Wednesday, 16 July 2014

Study on Acid effect on Coral Reefs

The world’s coral reefs face almost certain death as increasing amounts of carbon dioxide in the atmosphere are absorbed by the oceans, acidifying the water in which corals live, a new study warns.

As carbon dioxide is emitted through the burning of fossil fuels, some of it is absorbed by the world’s oceans. When the carbon dioxide is absorbed in the water, it produces carbonic acid, the same acid that gives soft drinks their fizz. This acid also makes certain minerals dissolve more readily in seawater, particularly aragonite, the mineral used by corals and many other marine organisms to grow their skeletons.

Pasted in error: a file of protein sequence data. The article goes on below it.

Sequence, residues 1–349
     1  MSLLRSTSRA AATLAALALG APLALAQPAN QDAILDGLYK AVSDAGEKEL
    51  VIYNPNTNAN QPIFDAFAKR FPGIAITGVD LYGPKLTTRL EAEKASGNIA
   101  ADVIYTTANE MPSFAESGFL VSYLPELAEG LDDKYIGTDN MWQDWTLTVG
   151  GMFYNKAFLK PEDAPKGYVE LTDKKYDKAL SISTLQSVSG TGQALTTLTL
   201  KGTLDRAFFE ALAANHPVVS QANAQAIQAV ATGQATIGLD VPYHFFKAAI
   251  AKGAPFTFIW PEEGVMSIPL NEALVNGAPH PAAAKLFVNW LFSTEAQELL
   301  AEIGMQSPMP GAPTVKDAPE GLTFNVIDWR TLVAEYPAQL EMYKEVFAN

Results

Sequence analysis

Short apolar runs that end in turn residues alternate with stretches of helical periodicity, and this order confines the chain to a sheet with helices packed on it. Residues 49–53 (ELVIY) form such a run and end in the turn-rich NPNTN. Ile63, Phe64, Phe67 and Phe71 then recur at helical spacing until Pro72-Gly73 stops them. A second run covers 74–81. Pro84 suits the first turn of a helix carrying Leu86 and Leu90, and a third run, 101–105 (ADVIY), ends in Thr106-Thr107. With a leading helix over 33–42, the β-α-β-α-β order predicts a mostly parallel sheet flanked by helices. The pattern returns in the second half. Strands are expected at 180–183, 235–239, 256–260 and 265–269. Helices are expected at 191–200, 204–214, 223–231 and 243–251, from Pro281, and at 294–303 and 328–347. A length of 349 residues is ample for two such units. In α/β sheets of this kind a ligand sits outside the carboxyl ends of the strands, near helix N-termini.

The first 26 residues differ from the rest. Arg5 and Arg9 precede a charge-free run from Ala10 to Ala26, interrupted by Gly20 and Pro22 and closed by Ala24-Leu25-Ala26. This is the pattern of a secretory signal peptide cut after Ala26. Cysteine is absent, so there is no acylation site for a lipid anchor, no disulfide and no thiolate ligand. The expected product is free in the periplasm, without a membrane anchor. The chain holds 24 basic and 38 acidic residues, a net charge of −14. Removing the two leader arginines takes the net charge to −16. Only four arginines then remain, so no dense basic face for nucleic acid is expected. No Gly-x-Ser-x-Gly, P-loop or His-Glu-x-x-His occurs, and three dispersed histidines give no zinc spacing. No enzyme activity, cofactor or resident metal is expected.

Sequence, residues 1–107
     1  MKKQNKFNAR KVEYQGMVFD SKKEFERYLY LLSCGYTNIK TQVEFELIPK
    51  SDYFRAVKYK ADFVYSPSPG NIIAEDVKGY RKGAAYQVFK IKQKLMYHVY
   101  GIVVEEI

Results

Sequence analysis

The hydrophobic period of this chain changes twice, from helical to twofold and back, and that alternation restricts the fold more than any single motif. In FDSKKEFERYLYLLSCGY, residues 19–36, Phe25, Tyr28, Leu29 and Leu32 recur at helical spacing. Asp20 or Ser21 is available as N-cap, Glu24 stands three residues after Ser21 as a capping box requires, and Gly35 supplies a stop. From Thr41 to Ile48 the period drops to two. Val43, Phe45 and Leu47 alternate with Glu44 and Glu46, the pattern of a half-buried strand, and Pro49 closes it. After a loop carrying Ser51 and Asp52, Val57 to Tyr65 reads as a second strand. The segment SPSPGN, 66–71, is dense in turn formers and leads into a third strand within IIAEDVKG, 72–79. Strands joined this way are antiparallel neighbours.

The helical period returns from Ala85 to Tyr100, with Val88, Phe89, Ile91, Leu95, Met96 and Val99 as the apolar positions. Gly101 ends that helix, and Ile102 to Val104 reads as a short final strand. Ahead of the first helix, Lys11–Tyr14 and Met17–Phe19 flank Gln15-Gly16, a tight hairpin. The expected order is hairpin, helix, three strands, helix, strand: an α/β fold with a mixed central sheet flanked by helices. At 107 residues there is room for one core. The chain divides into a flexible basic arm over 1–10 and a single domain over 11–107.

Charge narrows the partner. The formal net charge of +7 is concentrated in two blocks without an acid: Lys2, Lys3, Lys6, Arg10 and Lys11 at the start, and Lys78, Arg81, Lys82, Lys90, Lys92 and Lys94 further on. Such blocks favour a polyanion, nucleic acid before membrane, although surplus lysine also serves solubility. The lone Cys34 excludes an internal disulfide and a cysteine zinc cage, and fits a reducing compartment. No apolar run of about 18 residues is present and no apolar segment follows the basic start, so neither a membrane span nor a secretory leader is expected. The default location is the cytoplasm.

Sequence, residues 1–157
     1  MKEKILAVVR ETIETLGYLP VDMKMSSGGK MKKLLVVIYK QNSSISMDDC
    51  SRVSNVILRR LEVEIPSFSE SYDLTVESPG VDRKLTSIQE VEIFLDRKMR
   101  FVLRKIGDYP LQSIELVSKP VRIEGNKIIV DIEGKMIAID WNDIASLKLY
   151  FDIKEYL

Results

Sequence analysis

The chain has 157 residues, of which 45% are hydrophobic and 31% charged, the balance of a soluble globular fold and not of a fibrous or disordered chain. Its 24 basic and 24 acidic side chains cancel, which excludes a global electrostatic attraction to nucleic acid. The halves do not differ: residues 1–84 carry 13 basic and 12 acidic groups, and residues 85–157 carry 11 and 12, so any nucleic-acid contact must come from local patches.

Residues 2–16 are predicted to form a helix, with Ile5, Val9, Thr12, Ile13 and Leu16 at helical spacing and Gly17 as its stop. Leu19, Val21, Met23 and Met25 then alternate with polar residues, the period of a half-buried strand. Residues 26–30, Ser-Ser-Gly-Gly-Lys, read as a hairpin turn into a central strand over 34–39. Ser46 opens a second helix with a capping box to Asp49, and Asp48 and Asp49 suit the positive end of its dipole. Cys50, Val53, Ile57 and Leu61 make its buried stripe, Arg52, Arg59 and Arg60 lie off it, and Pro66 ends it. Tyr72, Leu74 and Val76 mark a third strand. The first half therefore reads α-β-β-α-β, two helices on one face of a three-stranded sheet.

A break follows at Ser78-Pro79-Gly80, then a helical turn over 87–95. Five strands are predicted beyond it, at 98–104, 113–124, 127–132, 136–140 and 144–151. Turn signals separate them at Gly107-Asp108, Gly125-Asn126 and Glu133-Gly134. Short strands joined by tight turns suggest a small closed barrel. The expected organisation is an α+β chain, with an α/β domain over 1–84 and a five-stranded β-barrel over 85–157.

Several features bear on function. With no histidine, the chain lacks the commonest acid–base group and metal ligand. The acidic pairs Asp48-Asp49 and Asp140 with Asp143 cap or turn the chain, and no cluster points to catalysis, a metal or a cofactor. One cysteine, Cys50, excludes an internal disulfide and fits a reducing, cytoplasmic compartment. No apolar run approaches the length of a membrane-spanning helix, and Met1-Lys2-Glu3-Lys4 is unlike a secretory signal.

At greatest risk of these changes are Australia’s iconic Great Barrier Reef, the world's largest living structure, and the reefs of the Caribbean Sea.

To slow ocean acidification, scientists warn, that it  will likely take more stringent and immediate reductions in carbon dioxide than would be needed to reduce the other effects of global warming. 

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